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michelle lange

Michelle Lange, OTR, ABDA, ATP/SMS

Michelle is an occupational therapist with 25 years of experience and former Clinical Director of The Assistive Technology Clinics of The Children’s Hospital of Denver. She is a well-respected lecturer, both nationally and internationally and has authored 7 book chapters and over 175 articles. She is the editor of Fundamentals in Assistive Technology, 4th ed. Michelle is on the teaching faculty of RESNA and the University of Pittsburgh. She is on the RERC on Wheeled Mobility Advisory Board. Michelle is a credentialed ATP, credentialed SMS and is a Senior Disability Analyst of the ABDA.



Related Courses

Service Delivery: Preparing for the ATP Exam
Presented by Michelle Lange, OTR, ABDA, ATP/SMS
Recorded Webinar
Course: #2620Level: Introductory1 Hour
The RESNA Assistive Technology Professional certification examination includes questions from a variety of content areas. One of those areas is Service Delivery. This module will cover the content area including ethics, standards of practice, information resources, service delivery systems and roles, consumer empowerment, quality assurance, outcomes, product development and liability.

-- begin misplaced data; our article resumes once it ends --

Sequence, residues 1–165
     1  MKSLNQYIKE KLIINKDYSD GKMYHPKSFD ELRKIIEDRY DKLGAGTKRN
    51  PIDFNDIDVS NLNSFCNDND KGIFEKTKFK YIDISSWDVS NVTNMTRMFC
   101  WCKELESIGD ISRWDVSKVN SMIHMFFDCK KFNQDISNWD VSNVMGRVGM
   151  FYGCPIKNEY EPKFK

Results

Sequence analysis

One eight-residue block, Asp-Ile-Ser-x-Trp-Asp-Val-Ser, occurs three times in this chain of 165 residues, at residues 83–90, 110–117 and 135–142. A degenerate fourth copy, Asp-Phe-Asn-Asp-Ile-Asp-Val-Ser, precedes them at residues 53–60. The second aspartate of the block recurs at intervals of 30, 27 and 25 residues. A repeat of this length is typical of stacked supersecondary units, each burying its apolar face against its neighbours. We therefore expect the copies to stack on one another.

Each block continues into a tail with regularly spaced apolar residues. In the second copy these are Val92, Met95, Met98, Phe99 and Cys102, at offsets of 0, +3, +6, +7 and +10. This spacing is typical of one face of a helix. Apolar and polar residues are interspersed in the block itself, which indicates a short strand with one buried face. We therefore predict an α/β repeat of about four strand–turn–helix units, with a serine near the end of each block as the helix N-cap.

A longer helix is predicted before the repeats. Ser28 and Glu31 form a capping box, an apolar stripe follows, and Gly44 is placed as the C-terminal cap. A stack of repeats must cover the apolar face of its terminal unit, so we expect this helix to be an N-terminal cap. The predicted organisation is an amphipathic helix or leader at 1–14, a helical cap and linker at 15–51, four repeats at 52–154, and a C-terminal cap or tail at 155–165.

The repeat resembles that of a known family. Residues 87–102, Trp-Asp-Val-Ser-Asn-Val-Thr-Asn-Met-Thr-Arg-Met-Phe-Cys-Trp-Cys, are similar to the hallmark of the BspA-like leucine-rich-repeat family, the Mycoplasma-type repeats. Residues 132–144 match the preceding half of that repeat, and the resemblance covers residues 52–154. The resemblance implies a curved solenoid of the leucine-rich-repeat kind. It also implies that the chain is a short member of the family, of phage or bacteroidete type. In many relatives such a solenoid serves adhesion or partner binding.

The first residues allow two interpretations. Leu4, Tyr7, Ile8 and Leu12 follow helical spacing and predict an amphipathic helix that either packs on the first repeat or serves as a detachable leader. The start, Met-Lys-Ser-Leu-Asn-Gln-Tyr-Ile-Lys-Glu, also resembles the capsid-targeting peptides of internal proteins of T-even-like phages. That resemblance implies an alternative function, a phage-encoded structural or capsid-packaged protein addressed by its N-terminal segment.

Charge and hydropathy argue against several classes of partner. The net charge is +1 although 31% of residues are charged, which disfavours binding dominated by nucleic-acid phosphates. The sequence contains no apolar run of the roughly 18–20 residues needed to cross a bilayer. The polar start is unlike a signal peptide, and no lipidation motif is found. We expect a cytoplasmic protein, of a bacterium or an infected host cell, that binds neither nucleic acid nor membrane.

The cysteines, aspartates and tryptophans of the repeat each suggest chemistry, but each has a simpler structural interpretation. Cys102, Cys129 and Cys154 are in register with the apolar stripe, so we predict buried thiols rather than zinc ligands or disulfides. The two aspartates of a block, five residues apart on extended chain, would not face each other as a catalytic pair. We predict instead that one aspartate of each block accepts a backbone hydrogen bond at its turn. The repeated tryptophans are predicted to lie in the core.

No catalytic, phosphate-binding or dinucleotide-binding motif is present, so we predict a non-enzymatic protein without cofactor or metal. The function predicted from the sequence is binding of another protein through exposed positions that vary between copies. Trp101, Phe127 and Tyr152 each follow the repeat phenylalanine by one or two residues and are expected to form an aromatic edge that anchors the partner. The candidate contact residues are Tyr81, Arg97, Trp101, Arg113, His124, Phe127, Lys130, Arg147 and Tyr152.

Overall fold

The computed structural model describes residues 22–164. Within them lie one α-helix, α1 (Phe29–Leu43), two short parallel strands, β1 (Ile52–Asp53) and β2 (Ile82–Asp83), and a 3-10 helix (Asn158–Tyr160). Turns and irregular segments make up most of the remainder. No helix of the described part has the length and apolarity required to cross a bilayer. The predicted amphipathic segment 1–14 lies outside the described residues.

Recreational Technologies: Preparing for the ATP Exam
Presented by Michelle Lange, OTR, ABDA, ATP/SMS
Recorded Webinar
Course: #2625Level: Introductory1 Hour
The RESNA Assistive Technology Professional certification examination includes questions from a variety of content areas. One of those areas is Recreational Technologies. This module will cover the content area including recreational technologies for people who have motor, cognitive, and/or sensory impairments. Areas addressed include play, games, sports, and exercise.